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Your Homeowners Association’s Governing Documents: Please Don’t Call Them Bylaws!

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Our HOA Ninjas here at Moretz & Skufca have a little pet peeve when it comes to terminology: folks who refer to the governing documents for their community association as “the bylaws.”  So (to borrow from Shakespeare) what’s in a name?  Turns out that when it comes to homeowners association documents, names mean a lot.  There are articles, bylaws, declarations, …

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Tax time for HOAs?

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As the year draws to a close, many of us are engaging in year-end tax planning for ourselves and our businesses. Since homeowners associations are almost always non-profits, HOA board members and managers may think that tax planning for HOAs is not necessary. While most HOAs won’t owe taxes, there are still tax-related issues to be aware of this time …

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No Class Certification in Case Alleging Condominium Association and Management Company Charged Excessive Fees

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The North Carolina Court of Appeals recently decided a case involving several homeowners’ claims that their condominium association, through its management company, was charging excessively high fees and late charges that were not permitted by the condominium’s governing documents.  We want to point out that these were simply allegations – the only part of this case that matters from a …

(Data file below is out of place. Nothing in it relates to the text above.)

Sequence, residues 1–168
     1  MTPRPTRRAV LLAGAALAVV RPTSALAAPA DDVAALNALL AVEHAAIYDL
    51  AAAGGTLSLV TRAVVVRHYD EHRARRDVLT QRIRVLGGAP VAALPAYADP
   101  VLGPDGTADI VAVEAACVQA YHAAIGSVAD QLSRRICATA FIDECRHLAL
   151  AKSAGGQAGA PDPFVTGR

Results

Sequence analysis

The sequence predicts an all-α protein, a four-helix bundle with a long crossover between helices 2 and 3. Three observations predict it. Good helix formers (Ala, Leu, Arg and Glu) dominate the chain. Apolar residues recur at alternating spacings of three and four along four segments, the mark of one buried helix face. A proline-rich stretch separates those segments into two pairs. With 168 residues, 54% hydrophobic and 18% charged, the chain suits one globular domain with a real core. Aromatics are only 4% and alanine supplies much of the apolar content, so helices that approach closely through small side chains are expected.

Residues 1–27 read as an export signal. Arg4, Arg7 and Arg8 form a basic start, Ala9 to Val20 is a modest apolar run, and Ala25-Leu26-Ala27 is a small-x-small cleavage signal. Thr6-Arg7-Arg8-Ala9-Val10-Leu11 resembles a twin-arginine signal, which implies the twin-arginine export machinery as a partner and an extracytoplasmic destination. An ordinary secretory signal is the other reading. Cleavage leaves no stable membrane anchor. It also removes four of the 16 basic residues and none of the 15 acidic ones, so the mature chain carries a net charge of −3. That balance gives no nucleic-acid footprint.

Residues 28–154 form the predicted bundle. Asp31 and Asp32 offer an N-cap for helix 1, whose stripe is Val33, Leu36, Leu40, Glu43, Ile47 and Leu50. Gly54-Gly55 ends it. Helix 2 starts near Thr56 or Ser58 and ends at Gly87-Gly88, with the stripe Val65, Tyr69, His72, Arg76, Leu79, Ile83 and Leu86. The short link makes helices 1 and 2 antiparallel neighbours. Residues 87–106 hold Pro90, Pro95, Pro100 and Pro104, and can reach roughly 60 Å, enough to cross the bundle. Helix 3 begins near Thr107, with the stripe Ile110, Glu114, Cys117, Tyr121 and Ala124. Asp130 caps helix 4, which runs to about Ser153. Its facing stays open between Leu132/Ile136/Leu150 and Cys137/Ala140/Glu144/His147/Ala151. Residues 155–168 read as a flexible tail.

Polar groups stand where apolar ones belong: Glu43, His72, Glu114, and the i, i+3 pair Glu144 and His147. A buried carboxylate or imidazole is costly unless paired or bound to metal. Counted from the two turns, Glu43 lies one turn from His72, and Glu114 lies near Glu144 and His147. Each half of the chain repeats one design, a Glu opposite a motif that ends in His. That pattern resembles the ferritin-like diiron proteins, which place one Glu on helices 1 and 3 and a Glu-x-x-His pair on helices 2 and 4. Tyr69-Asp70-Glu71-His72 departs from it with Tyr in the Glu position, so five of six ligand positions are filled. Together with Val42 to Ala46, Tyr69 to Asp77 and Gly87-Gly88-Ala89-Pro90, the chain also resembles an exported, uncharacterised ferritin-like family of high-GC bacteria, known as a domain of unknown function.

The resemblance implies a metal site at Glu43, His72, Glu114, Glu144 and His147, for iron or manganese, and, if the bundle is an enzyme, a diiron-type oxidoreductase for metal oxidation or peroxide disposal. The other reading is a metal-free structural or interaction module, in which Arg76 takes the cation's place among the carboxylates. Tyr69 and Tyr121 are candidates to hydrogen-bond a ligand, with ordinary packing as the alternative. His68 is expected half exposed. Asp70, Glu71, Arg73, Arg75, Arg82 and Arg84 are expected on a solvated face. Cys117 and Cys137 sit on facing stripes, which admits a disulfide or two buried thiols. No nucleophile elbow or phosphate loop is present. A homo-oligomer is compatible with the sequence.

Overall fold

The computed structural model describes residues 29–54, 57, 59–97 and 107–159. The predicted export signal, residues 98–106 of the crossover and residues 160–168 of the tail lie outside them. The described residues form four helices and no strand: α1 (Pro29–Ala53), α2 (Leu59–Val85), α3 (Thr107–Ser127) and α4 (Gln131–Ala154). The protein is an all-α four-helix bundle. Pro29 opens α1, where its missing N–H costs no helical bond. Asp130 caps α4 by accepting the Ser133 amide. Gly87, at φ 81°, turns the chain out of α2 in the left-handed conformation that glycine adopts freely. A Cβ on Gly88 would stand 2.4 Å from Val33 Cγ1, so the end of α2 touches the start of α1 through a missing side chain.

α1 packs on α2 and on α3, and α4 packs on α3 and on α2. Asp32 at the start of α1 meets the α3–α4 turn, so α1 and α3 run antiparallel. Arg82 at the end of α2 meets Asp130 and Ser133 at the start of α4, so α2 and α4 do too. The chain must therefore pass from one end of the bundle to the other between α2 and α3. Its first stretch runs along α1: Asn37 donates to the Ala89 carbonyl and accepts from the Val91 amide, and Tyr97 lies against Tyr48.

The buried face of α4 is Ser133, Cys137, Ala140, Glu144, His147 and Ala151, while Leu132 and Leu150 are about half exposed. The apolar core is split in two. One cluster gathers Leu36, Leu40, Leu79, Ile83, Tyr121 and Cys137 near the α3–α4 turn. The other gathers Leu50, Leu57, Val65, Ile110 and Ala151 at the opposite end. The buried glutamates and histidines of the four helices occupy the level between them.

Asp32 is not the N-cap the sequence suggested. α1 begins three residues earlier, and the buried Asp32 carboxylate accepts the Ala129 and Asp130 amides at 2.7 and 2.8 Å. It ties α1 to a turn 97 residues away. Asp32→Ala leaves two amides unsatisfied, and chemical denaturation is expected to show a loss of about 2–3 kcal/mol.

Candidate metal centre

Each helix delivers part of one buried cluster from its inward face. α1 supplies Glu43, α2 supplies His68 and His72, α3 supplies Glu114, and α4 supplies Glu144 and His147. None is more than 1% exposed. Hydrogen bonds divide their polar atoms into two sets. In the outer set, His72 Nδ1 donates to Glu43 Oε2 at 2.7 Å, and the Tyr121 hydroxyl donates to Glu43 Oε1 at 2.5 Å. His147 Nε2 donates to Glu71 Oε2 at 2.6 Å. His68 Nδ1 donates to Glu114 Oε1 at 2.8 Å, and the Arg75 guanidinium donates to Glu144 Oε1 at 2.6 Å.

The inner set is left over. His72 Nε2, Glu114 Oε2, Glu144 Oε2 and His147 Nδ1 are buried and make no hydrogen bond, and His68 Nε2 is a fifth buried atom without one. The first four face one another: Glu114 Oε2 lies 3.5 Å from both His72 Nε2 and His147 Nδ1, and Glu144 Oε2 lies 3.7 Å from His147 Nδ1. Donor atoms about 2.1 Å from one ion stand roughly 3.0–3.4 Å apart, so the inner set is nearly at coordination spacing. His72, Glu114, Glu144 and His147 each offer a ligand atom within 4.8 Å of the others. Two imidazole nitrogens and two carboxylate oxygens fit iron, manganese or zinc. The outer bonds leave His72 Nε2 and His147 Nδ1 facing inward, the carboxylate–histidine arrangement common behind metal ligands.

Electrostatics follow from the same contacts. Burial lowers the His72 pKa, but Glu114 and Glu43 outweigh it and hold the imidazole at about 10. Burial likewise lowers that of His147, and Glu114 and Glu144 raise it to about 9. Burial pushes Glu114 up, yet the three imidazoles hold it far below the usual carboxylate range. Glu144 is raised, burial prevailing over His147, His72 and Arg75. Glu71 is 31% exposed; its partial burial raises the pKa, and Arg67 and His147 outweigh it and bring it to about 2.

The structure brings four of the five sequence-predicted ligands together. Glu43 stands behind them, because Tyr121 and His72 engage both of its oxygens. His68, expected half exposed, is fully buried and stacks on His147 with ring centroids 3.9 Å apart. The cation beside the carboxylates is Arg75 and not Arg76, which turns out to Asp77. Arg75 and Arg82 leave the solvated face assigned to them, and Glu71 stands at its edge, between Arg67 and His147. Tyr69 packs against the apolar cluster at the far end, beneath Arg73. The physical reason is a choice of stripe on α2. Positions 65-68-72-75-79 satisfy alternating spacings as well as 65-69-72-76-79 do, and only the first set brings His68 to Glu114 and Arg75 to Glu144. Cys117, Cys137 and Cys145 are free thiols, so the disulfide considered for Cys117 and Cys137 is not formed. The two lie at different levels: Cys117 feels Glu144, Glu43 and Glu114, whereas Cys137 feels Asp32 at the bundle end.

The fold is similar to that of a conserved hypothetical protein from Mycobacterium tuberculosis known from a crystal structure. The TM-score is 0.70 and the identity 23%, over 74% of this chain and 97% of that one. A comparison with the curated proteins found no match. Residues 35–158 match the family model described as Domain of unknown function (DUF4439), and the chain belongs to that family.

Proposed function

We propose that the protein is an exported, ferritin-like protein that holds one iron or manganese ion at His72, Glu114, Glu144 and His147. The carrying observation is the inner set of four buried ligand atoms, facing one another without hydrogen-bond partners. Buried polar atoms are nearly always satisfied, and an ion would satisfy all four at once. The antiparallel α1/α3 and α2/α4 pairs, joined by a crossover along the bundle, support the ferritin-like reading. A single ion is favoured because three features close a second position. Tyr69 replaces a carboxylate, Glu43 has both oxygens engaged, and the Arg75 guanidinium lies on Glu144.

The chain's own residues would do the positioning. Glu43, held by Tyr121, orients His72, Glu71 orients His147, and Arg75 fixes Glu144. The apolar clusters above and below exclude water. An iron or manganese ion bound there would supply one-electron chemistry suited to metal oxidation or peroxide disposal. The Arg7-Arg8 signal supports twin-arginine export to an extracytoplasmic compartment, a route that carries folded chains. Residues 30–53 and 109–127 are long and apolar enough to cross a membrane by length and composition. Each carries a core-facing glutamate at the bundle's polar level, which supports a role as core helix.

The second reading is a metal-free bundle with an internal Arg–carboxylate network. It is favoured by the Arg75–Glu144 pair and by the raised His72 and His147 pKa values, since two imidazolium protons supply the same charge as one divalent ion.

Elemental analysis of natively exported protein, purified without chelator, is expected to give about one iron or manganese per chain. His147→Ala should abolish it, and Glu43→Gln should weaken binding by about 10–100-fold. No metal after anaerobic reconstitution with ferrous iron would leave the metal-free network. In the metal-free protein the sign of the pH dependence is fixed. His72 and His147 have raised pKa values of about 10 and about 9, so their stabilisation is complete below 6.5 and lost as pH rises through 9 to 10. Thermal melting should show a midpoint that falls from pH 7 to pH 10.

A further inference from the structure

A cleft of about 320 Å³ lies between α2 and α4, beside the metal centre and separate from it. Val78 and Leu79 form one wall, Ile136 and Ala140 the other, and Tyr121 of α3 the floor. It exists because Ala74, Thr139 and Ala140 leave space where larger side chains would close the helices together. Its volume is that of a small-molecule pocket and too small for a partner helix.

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Supreme Court Loosens Up Construction Warranty Claims

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The North Carolina Supreme Court does not often render decisions that directly affect HOAs, but on December 19, 2014, the Court issued an opinion in Christie v. Hartley Construction that may impact your HOA, and will certainly impact many consumers and construction contractors. In 2004, the Christies, the plaintiffs in the case, were building their dream home and the builder …

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Changes… to Your HOA’s Restrictive Covenants

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The North Carolina Court of Appeals recently rendered an opinion reiterating that all amendments to the restrictive covenants (“CCRs”) governing a planned community must be reasonable.  As background, the existing law is that amendments to the CCRs must be reasonable in light of the developer’s original intent for the subdivision.  This rule arose in the context of an HOA in …

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Spring Showers Bring Summer Weeds – How to Achieve Homeowner Compliance in Your HOA

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Now that summer is here, many HOAs and their members are dusting off the grill, repairing the lawn mower and opening the pool to the summer crowds.  Spring and summer bring new life to HOAs but also bring new problems in making sure members keep lots up to the HOA’s standards.  How does the HOA deal with that neighbor whose …